de Man

Jesus Meets His Mother

When dis child
Jesus was a likl bwoy
Me was apprentice to him Pa.
A real funny ’prentice!
Me was a big man, forty plus,
Wid one hand twist, de next
One chop off at de wrist.
But dat man Joseph teach
Me how to use hammer
And saw and chisel wid
Mi twist hand and mi stump.
…Still is de lady Mary
Dat me couldn’t take
Mi two eye from. And so
Me watch her, so she watch
Dat child. An all de while
She going on doing what
She have to do. Me cyaan ex-
Plain to yuh. Is like she
Know dis child is de most
Precious thing and like — just
How him running up and
Down chasing him ball — she
Seeing him dying right dere
As she look.
So me just
Have to do a likl
Jostling here today. Me
Know just now she seeing
Before her eye what she
Was looking at for all
Dem years. See. Is de self-
Same countenance she gazing
On him wid… And him…
Oh Jesus, don’t look pon
Her so. She know you love
Her right down to yuh toe.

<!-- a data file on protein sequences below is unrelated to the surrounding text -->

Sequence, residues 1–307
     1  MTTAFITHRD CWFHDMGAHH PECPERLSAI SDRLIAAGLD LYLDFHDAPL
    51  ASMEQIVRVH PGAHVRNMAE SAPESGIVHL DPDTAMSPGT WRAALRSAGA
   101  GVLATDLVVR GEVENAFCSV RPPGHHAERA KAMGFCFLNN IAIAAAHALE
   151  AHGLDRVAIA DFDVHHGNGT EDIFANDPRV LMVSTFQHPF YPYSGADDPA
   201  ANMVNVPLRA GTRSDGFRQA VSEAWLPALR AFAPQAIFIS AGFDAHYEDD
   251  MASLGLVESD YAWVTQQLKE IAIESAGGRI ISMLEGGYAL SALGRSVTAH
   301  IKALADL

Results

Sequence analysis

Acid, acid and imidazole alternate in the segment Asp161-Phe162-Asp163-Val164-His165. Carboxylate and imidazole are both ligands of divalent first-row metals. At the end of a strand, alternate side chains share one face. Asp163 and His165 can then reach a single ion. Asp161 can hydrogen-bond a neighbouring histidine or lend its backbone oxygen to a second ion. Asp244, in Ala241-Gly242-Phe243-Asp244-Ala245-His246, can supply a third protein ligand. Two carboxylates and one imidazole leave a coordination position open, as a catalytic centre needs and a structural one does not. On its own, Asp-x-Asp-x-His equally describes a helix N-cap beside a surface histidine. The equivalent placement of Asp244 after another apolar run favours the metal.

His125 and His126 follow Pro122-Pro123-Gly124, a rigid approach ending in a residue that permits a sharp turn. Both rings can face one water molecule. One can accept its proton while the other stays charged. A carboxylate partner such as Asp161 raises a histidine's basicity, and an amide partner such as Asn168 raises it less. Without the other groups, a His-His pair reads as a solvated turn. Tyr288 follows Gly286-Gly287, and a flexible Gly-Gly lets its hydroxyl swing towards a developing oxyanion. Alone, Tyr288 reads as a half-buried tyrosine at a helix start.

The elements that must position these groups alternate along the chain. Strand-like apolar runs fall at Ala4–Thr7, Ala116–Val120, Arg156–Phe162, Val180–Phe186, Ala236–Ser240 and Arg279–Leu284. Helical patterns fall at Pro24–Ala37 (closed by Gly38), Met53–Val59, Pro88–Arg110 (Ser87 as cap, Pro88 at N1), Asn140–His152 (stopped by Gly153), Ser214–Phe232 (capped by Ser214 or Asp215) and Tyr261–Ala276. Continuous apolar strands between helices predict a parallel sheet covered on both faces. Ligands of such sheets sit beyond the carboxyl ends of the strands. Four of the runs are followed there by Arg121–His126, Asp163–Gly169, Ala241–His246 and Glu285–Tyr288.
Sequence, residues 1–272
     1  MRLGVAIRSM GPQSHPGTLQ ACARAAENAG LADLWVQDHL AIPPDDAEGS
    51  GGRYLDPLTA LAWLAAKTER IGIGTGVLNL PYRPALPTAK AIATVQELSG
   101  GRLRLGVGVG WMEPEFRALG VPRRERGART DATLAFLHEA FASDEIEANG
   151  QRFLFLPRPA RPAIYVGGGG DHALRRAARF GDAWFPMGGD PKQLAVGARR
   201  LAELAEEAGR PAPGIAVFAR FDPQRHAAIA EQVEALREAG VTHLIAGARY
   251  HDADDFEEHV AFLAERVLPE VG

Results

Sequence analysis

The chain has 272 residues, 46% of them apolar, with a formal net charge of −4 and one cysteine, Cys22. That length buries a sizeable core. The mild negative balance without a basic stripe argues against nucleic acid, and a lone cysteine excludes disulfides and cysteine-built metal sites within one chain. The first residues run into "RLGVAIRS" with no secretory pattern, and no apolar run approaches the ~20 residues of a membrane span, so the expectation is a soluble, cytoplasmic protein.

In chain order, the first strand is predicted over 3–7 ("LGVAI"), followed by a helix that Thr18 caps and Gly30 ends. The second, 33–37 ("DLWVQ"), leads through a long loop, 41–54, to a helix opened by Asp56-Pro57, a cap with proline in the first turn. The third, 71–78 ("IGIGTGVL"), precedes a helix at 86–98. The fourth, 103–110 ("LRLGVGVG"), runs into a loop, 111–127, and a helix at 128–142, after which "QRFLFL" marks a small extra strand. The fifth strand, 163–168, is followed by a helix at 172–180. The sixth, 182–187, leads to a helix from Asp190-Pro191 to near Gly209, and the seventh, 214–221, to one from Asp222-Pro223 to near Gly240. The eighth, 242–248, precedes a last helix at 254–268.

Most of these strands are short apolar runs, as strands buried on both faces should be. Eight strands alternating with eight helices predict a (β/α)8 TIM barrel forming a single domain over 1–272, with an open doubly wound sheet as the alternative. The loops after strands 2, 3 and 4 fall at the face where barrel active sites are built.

She know yuh never want
To leave her so. She know
Jah say is so it haffe
Go. From yuh was likl
Jesus, she did know.



de ManReviews of de man

Caribbean Bookshelf (November/December 1995) A round up of new books about the Caribbean. Caribbean Beat, Issue 16. Caribbean Beat. 1995. Caribbean Beat. Jan 11 2014.

Carr, Brenda. “Caribbean Word Power” [includes a review of de Man: A performance poem] Canadian Literature 154 (1997) 136-137

Ganz, Shoshannah and McKenzie, Stephanie. Saltfish and Ackee: An Interview with Pamela Mordecai. Postcolonial Text, Vol 6, No. 1 (2011). Memorial University (Grenfell Campus). <Saltfish&Ackee.pdf>

Nash, Roger. * Review of Pamela Mordecai, De Man: A Performance Poem, in Canadian Book Review Annual, Toronto: Simon and Pierre Publishing, 1996, p. 208.

Wilson, Jeanne. “Agony, ecstasy of his last journey.” The Sunday Gleaner, May 28, 1995.